She’s been faithful to her family.  In times when it would have been easier to cut and run, she was selfless.  She’s known deep hurt, experienced ugly betrayal, and she’s taught me what heartfelt forgiveness looks like.  And now because of her forgiveness and her selflessness my children have grandparents who went through the darkest of valleys…together…and came out the other side stronger, leaving them with a legacy that a commitment and a covenant before God actually still means something and isn’t just a thing of yester-year.

But despite all of these things that my mother has taught me, I never suspected that some of her biggest lessons to her children would be the ones she has taught us over the last couple of years.

As a child or a young adult, you envision your future watching your parents grow older a certain way.  I never imagined in my worst dreams watching my mom in her mid to late 50’s, struggle to remember how to formulate a sentence…or the names of her grandchildren whom she has adored…or more devastating, have to remind her that you’re her daughter.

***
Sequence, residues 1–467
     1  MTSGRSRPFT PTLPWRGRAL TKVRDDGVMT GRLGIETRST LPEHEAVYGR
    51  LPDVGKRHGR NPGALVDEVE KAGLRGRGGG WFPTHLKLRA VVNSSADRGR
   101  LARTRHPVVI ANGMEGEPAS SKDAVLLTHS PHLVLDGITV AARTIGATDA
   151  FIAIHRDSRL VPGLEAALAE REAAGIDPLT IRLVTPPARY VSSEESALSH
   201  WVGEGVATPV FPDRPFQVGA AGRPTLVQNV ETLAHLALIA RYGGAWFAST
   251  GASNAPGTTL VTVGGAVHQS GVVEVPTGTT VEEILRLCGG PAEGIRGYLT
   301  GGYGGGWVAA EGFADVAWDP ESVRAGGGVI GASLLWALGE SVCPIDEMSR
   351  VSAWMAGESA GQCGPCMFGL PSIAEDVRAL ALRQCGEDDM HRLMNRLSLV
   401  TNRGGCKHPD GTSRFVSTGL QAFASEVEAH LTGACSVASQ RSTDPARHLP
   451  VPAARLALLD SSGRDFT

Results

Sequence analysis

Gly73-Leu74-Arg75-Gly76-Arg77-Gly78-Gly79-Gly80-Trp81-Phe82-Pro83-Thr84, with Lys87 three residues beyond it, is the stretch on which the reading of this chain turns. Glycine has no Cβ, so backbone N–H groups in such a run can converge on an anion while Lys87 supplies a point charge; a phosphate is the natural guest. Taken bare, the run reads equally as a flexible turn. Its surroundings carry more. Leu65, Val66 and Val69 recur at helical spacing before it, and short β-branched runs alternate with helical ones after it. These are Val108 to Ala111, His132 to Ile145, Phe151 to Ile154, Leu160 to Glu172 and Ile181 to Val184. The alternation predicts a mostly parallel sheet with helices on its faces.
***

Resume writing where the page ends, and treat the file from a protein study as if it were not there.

Theoretically, we all know that one day our parents will grow older and that we won’t have them anymore.  But to see your mom who has been a pillar of rock solid strength in your life, land in her early 50’s and begin to show symptoms so against her typical nature is frightening.  This has been a long, arduous, and emotional road. My sister and I have spent literally countless stressful hours researching, asking questions, chasing down a diagnoses for these terrifying symptoms she has been experiencing for the last few years.  Dozens of doctors, an unlimited amount of various tests, hospital stays, multiple wrong diagnoses, different drugs, all while symptoms aggressively and mercilessly progressed.

Early Onset Alzheimer’s.  An ugly disease that strikes very young and moves very quickly.  I remember sitting beside my sister while she spoke to the doctor on the phone and received the final diagnoses.  If you had your ear to my heart you would have heard it shatter into a million pieces.  By this point, it was clear and unavoidable.  Scans don’t lie and Alzheimer’s leaves a terrifying mark with no cure and virtually no hope with which to protect your emotions.